Easyjet, Estee Lauder and Greggs fail to pay national minimum wage

national minimum wage EasyjetEstee Lauder Cosmetics, airline Easyjet and food chain Greggs are among more than 500 employers which failed to pay their lowest-paid employees the national minimum wage.

An investigation by His Majesty’s Revenue and Customs (HMRC) between 2015 and 2023 found that breaches by 524 employers caused more than 172,000 employees to not receive their full entitlement. These employers were ordered to repay the workers nearly £16 million, plus an additional financial penalty of up to 200% of their underpayment.

Estee Lauder Cosmetics failed to pay £894,980.43 to 5,933 of its employees, Easyjet did not pay £338,876.46 to 3,898 of its workers, and Greggs failed to pay £219,129.07 to 4,793 of its staff.

Other named employers include: Staffline Recruitment, Rank Group Gaming Division, Mitchells and Butlers, Moss Bros Group, and SA Brain and Company.

The government has also published an educational bulletin to increase awareness of national minimum wage legislation and inform employers about how to ensure they pay correctly.

Kevin Hollinrake, minister for enterprise, markets and small business, said: “While the majority of businesses already do the right thing and pay their staff what they are owed, the announcement sends a message to the minority who aren’t, that there are repercussions to undercutting hard work from their staff. While not all minimum wage underpayments are intentional, the government has been clear that anyone entitled to be paid the minimum wage should receive it, and that enforcement action will be taken against employers which do not pay their staff correctly.”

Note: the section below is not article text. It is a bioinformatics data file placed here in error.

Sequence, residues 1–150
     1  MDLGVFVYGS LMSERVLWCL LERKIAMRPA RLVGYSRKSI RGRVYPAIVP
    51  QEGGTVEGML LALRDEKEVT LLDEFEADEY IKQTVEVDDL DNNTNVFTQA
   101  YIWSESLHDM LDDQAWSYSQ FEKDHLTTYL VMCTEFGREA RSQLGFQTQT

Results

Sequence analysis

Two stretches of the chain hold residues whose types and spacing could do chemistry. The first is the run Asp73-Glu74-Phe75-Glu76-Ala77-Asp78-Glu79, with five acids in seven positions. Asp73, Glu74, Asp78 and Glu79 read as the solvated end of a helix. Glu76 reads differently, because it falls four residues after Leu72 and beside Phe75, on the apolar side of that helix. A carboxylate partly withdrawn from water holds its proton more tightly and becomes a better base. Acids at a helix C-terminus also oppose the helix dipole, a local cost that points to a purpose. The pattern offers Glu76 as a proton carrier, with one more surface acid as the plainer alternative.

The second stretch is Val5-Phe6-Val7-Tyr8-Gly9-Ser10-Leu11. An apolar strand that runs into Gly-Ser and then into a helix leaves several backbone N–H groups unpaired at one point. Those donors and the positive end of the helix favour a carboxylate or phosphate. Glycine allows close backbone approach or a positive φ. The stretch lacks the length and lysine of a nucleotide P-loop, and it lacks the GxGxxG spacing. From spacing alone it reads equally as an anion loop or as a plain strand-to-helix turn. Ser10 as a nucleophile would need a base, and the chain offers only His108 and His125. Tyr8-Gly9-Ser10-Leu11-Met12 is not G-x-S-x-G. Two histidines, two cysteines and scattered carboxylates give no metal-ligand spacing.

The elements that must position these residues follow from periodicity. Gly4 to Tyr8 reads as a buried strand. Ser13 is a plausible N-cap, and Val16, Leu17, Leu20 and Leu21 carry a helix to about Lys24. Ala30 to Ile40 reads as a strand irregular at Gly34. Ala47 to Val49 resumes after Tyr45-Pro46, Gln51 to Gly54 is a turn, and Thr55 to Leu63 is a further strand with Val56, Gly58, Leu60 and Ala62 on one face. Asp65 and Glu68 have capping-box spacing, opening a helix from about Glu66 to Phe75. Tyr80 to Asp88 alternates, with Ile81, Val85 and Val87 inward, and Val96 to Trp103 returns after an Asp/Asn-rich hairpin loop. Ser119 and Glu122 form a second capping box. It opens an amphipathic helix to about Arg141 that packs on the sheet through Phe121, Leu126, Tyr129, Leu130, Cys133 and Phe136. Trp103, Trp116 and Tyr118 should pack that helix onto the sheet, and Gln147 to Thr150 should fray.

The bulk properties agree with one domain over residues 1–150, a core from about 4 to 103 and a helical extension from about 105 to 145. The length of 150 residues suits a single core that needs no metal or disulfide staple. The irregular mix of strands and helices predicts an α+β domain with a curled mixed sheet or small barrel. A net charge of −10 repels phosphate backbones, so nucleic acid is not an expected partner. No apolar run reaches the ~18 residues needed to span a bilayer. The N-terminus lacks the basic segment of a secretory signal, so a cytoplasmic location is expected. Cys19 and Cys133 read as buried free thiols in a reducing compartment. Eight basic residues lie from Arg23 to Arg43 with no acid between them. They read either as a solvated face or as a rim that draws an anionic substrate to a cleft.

Patricia Rice, independent commissioner at the Low Pay Commission, added: “At a time when the cost of living is rising, it is more important than ever that these workers receive the pay to which they are entitled. National minimum wage underpayment not only cheats workers of their rightful due, it leaves compliant firms undercut by those which do not abide by the law. By naming the firms responsible for significant underpayment, we raise awareness of the nature and the scale of underpayment and encourage all employers to ensure that they fully comply with the law.”